19,000 ft.

Women's Vertical Skydiving World Record

Hi! My name is Jennifer Sensenbaugh and I'm a GoPro family member, adventure lover, & skydiver! I've been jumping for 9 years and there's never a dull moment. Today I'm sharing the story of my 3rd skydiving world record.

Over Thanksgiving week, nearly 100 of the best female skydiving athletes in the world met in Eloy, Arizona to set a new world record. It took 4 days and 16 skydive attempts to achieve a 65 way women only conjoined skydive. This is the view from my journey.

The goal was to build an all female formation, flying vertically, or 'head down'. Flying in this discipline is a challenging position, with the capability of reaching speeds upwards of 180 MPH. It takes most skydivers years of training to get to this advanced level. Every participant needs to be in a designated spot, holding hands with the people next to them to complete the pre-drawn pattern. For the record to be successful, each woman would need to have a perfect skydive.

Day 1: Mocking it up. We walk the skydive on the ground before to get a good sight picture of what the jump will look like. We focus on things like jumpsuit colors and helmets to find our sector in the sky.

Airplane rides

The exit altitude was between 18,000ft-19,000ft. We use supplemental oxygen above 12,000ft to avoid hypoxia; oxygen depravation that occurs when the pressure drops as the airplanes climb to higher altitude. We were jumping from 4 airplanes, between 15-20 girls in each one.

Jump 1 weather in our favor! Sunny and light winds

Getting the shots

I switched back and forth between video & multi shot time lapse for jumps. When it's bright & sunny I was mostly shooting video in 1080 60 frames wide.

5 jumps later, ending with a beautiful sunset over the desert and hopes of a world record tomorrow. My GoPro is curve mounted to the top of my helmet. This shot is on time-lapse photo mode.

Shayni Couch flew in from Dubai for the record. We were holding hands every day in the sky, so we instantly became friends. πŸ‘― My favorite part about skydiving events is getting to meet amazing people from all over the world!

Day 3: Cloud layers can mean getting out of the plane at a lower altitude. We have less time to attempt to complete the formation, this jump was 45 seconds-normally around 70 seconds. As I exit, I spend a split second on my back and can get sweet shots like this of the planes.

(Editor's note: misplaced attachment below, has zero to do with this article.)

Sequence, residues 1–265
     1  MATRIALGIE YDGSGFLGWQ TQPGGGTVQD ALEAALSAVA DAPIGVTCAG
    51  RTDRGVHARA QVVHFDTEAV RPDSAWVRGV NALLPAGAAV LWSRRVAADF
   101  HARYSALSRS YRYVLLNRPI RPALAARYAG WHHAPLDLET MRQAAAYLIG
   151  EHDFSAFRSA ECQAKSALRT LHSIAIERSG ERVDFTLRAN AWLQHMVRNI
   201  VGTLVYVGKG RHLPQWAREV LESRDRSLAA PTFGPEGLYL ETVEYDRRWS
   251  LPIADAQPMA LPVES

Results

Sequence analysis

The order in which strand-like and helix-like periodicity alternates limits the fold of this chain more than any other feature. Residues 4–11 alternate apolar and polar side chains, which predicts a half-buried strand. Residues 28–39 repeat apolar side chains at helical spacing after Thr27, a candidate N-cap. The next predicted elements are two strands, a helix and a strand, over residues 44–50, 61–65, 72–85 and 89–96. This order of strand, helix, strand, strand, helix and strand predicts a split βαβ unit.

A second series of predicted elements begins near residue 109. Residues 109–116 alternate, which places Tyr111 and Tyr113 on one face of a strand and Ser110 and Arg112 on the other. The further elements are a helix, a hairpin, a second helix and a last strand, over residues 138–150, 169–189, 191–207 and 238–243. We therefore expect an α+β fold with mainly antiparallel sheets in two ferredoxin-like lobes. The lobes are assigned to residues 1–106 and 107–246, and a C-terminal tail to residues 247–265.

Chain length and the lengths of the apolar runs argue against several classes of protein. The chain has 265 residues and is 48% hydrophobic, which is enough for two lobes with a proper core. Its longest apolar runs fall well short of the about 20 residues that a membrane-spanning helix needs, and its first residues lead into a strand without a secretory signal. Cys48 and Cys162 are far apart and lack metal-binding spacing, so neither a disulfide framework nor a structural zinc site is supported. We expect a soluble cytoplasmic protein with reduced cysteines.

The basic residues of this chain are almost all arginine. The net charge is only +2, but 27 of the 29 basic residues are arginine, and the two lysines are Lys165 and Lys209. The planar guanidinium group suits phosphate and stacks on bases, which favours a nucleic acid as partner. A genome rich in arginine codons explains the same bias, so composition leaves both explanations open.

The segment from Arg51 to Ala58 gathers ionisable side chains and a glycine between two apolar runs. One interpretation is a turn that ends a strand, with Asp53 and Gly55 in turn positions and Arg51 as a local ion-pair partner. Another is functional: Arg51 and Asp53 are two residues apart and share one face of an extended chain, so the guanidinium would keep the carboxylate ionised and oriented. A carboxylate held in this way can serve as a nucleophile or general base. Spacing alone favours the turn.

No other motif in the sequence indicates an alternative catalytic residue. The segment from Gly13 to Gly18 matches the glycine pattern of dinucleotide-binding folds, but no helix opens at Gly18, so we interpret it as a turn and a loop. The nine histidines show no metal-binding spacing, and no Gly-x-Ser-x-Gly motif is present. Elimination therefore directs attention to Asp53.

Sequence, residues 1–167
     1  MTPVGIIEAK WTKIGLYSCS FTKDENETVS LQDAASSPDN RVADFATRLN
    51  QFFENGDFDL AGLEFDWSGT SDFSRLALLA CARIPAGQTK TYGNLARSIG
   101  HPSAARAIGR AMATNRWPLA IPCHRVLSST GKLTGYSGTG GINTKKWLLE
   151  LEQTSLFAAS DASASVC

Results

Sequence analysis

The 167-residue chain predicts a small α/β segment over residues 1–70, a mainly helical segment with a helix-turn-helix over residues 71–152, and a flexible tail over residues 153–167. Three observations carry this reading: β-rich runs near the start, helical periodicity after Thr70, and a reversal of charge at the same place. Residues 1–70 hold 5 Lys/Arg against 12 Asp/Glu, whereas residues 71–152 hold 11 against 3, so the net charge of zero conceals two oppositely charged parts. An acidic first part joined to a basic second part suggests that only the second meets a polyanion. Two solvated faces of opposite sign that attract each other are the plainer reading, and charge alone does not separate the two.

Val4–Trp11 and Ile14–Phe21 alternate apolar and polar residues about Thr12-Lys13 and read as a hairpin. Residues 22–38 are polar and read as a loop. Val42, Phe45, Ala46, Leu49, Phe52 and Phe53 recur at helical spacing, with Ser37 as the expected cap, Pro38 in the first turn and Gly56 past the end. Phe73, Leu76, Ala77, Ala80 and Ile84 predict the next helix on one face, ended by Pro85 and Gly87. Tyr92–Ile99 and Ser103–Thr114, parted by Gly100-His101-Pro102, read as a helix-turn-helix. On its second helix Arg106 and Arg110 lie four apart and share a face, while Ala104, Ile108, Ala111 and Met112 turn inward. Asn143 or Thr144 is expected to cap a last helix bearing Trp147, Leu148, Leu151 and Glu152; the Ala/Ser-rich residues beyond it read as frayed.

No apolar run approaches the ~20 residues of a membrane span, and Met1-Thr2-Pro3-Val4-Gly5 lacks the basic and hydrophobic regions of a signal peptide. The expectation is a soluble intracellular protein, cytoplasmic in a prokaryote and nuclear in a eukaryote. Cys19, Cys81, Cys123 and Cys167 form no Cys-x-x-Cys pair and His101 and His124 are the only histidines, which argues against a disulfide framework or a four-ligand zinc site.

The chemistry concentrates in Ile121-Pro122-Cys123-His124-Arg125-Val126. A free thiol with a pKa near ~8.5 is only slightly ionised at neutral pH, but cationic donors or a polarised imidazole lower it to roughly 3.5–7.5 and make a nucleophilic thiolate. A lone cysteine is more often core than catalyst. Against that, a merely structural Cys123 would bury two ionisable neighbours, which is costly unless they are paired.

Nearly building the record while exiting low at 14,500 ft; way less time than normal! Only a few girls didn't make it on the formation. This was a great jump given the circumstances. Getting close!

This is break-off. We fly away from each other in 3 sections at different altitudes to avoid canopy collisions.

Ending day 3 on a positive note despite mostly bad weather. Skydiving with inspiring females does not suck, and who doesn't love a good GoPro selfie? You get everyone in the shot! A quick single photo mode.

Day 4, jump 1. Another extremely cold airplane ride. At 18,000ft, the outside temperature was -7 Fahrenheit. The plane ride is a time to calm your mind and visualize the upcoming skydive.

Moment of despair after landing and realizing we still didn't achieve the record after 15 jumps. At this point, I'm cold and physically/mentally exhausted, and most of the other girls are feeling the same.

Be confident. In that moment when you step in the door, there is no one better in the world to do your job than YOU. "

Luke Aikins-RedBull Airforce

Jump # 16. My view from inside. I can see all girls on the other side built in their section, and everything feels really solid! You can feel a strong connection when everyone is flying well. One of the organizers is shaking her head 'YES!'

Two thumbs up for feeling like we got a World Record!

So much happiness and high fives! The energy after achieving a World Record together is incredible.


The 65 way female formation from below. By Steve Curtis. #GoPro

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